Union Radio Fades from the Airwaves

Wednesday, February 19, 2014

Members of labor unions hold a rally in support of the planned 'Access to the Region's Core' (ARC) rail tunnel between New Jersey and New York City, October 19, 2010. (Ramin Talaie/Getty)

Over the weekend, workers at Volkswagen's Chattanooga plant voted against joining the United Auto Workers union—a move that was seen as a devastating blow for the future of organized labor.

And as the push for collective labor grows weaker nationwide, union radio, a historic mouthpiece for the movement, is also failing to attract listeners.

See Also: A Nail in the Coffin for Organized Labor?

But it didn't always used to be this way. Labor newscasts hit airwaves in the 1930s and grew in popularity into their peak in the late 1960s.

During the heyday of American unions, there were more than 250 programs produced or funded by labor unions.

Labor newscasts were intended for union members and the general public alike, and ads were distributed across stations nationwide.

Joining The Takeaway to explain the history of a now lesser-known news source is Elizabeth Fones-Wolf, history professor at West Virginia University and author of “Waves of Opposition: Labor and the Struggle for Democratic Radio, 1933-1958.”

For the dozen or so union radio programs that have survived the decades, the newscasts have taken a decidedly modern turn.

The Union Edge is the only nationally syndicated labor program remaining, and The Takeaway is joined by its co-host and executive producer Angela Baughman. Angela is also a member of the International Brotherhood of Electrical Workers Local 5.

Guests:

Angela Baughman and Elizabeth Fones-Wolf

Produced by:

Ellen Frankman

Editors:

T.J. Raphael

Comments [3]

joe

Here's a good question left on the table. Hock alludes to the fact that foreign companies locate in non-union states. He might have gone on to observe that they have unions in their own countries. German companies are famous for their style of collaborative trade unionism yet they don't want any part of Detroit. Might the Wagner Act be inhibiting progress? Shouldn't a real 'progressive' favor an overhaul that updates American unionsim bringing it more in line with today's realities? Follow up: If 'yes!' then is there currently a corrupt relationship between unions and the Democratic party that makes such innovations impossible and fosters cynicism and corruption from Detroit to our schools?' But these kinds of probative questions are hard to ask on a liberal network by a liberal host. Better leave it to Rush.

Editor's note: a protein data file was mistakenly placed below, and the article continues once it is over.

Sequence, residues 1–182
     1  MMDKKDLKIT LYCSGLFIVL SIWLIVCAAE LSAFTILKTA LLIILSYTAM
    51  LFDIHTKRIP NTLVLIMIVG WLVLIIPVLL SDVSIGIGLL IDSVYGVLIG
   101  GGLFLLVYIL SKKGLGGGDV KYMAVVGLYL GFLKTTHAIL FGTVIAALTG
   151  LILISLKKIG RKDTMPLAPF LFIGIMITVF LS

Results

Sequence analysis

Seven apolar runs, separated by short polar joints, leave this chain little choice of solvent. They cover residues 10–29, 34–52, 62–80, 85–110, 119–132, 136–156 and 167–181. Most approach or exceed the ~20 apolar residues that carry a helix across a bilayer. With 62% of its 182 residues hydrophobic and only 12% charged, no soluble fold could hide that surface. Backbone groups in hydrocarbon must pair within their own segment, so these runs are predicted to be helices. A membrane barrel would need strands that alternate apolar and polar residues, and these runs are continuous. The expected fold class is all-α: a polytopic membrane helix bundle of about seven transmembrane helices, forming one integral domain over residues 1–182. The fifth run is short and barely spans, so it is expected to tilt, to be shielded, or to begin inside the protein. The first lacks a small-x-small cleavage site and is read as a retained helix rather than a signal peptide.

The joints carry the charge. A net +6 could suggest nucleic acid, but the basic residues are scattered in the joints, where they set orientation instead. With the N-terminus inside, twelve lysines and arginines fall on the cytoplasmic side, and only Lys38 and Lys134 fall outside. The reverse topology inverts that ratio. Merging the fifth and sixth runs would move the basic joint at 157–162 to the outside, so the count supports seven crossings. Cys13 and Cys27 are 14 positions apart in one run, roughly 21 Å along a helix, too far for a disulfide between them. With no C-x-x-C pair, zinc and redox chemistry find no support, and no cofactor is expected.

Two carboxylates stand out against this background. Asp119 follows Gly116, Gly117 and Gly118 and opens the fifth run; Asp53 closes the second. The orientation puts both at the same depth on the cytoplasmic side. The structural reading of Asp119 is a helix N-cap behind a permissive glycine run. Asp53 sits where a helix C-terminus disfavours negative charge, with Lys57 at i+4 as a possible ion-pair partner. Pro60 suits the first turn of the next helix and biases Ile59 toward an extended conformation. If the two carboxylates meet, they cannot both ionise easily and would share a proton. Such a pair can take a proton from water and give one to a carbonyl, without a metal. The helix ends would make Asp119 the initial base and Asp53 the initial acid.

Feb. 19 2014 10:28 AM
Larry Fisher from Brooklyn, N.Y.

Unions forgot that their purpose was to protect the worker from abuse and to earn a fair wage. Instead, Unions got into politics and made the worker, "the man in the middle"

Feb. 19 2014 10:12 AM
joe

As someone who is admittedly not susceptible to John Hockenberry's charms as an interviewer maybe I am not the best person to comment on this piece. His personality aside I understand how he can be seen as an ideal interviewer as he has a gadfly's facile access to facts and anecdotes regarding a wide assortment of issues. I often feel that these are displayed almost they way certain people name drop. Been there, read that. I am informed. Never the less he is frequently guilty of dopey assertions and particularly of bias that oozes or 'emanates from the NPR penumbra' to paraphrase. So it is we were treated to possibly the most credulous possible interview on the fate of labor radio. Of course we have a hyphenated named labor historian who wrote a book on the subject paired with a representative of labor- a member of the electricians union I think though she hosts a radio show and sounds like an upper middle class graduate of a good school with that lilting '?' at the end of her sentences...not exactly a Joe Hill kind of gal. Why did the VW vote go the way it did? Might a robust labor radio ( re: government supported) made the crucial difference? Sure chirps the young activist confident that they might yet reach the young who have not had a chance to see how (American) unions actually operate. 'Perhaps a subscription labor radio show ' would be a great idea offers the historian without any push back or at least a guffaw from the hist.
Proving he is a different bird from Rush, Hock allows his guests to make their points without any hostile skepticism. As an audience member wonders 'whats stopping you from having web sites or web casts? The unions have bazzillions of $ for campaigns. If membership is in decline (yes John you can just state that without the 'alleged' modifiers it is a matter of fact...sorry..) perhaps its because people don't like what they are selling?

Feb. 19 2014 10:07 AM

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